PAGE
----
What Happens if My DCFS Case Goes to Juvenile Court?

March 9, 2020

If you’ve been notified that the Department of Children and Family Services (DCFS) is investigating your family, it can be a very distressing time. What’s worse is when DCFS transfers your case to juvenile court, as that means they are either attempting to remove your children from the home, keep them away from your home or enact and continue court-ordered parenting supervision. Anytime DCFS is involved, you must act quickly to retain a qualified DCFS defense attorney in Rockford, IL—they will be able to guide you through the case and fight to ensure your children remain in your home.

What does DCFS do?

DCFS is designed to protect children from abuse and neglect, as well as parents who can’t properly care for their children, even if that isn’t their fault. While the agency doesn’t want to separate parents and children, that can happen if the juvenile court determines the parents are unfit. When you have been “indicated” in a DCFS case, your name is placed on a state registry of other parents or caregivers who have committed offenses, which is why it’s crucial to hire an attorney as soon as possible.

What happens if my case goes to juvenile court?

Generally, state attorneys will make the determination as to whether a DCFS case can go to court, although any adult can file a petition to do so. In fact, sometimes one parent will file against the other parent to prevent the abusive or neglectful parent from having contact with the child.

DCFS must take the case to juvenile court anytime they are attempting to remove a child from the home, either temporarily or permanently. While they need a court order to do so, they can remove a child first and apply for the court order within 48 hours when necessary.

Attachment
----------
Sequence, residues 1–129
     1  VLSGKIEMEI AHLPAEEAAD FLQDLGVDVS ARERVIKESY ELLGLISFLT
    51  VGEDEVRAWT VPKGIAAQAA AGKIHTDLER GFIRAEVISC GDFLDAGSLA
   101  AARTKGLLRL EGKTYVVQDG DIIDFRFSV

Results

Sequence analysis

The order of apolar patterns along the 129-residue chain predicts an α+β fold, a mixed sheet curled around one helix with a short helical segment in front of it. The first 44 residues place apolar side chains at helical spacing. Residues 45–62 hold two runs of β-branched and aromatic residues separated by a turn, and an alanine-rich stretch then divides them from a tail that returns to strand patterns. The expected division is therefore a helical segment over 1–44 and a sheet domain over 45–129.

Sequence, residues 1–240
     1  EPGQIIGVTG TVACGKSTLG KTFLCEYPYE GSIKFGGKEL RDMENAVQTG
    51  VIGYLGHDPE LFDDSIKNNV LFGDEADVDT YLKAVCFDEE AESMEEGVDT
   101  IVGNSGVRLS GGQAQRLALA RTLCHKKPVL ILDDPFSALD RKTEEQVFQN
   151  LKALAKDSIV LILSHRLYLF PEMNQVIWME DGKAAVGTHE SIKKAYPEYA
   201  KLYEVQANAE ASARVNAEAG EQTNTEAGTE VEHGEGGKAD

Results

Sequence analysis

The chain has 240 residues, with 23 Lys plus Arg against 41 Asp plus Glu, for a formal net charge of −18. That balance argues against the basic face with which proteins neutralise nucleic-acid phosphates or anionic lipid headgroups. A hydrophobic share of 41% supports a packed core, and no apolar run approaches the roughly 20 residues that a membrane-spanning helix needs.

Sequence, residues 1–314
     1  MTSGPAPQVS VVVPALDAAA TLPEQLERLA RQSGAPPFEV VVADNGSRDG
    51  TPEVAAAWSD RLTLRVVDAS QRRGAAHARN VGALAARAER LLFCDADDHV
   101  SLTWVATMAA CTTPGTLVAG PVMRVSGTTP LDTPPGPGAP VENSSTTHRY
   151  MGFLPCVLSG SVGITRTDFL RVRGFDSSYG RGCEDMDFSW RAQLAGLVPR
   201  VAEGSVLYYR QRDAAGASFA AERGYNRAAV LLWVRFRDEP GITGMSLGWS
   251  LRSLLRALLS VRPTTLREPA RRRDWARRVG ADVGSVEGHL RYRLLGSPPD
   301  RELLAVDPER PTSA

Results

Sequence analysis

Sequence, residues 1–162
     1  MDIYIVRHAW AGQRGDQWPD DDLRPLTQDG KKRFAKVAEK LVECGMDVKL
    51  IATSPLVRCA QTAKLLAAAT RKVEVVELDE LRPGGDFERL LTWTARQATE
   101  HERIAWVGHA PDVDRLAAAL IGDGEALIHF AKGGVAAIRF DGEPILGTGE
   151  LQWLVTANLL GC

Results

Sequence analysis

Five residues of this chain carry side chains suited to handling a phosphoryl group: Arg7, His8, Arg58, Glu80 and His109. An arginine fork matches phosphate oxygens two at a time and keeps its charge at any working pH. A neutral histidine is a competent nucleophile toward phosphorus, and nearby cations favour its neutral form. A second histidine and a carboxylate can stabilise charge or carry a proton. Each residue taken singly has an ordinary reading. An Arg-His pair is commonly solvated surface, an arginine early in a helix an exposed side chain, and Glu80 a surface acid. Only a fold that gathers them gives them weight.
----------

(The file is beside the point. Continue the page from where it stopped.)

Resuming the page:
Juvenile cases can result in the permanent loss of parental rights if there is a finding of abuse, neglect or that the parents do not, will not or are not able to properly care for their child. Hearings can include whether your child should be removed from your home, stay away from your home or whether your child can be returned into your care. Although a lawyer isn’t required, it’s highly recommended that you hire one, given what’s at stake if the state finds against you. If you can’t afford an attorney, a public defender will be appointed, but it’s important to keep in mind that public defenders in many areas are currently shouldering immense caseloads.

You will likely be advised to cooperate with the investigation as much as possible, including attending any court-ordered classes and allowing and cooperating with all assessments. The court will be evaluating your conduct and the circumstances on a holistic basis rather than a single incident.

Hire a DCFS defense attorney in Rockford, IL

The Law Office of Brendan W. Caver, Ltd. specializes in DCFS defense, and will fight zealously to protect your rights as a parent. Call today to set up a consultation, and rest easy knowing you have experience and compassion on your side.

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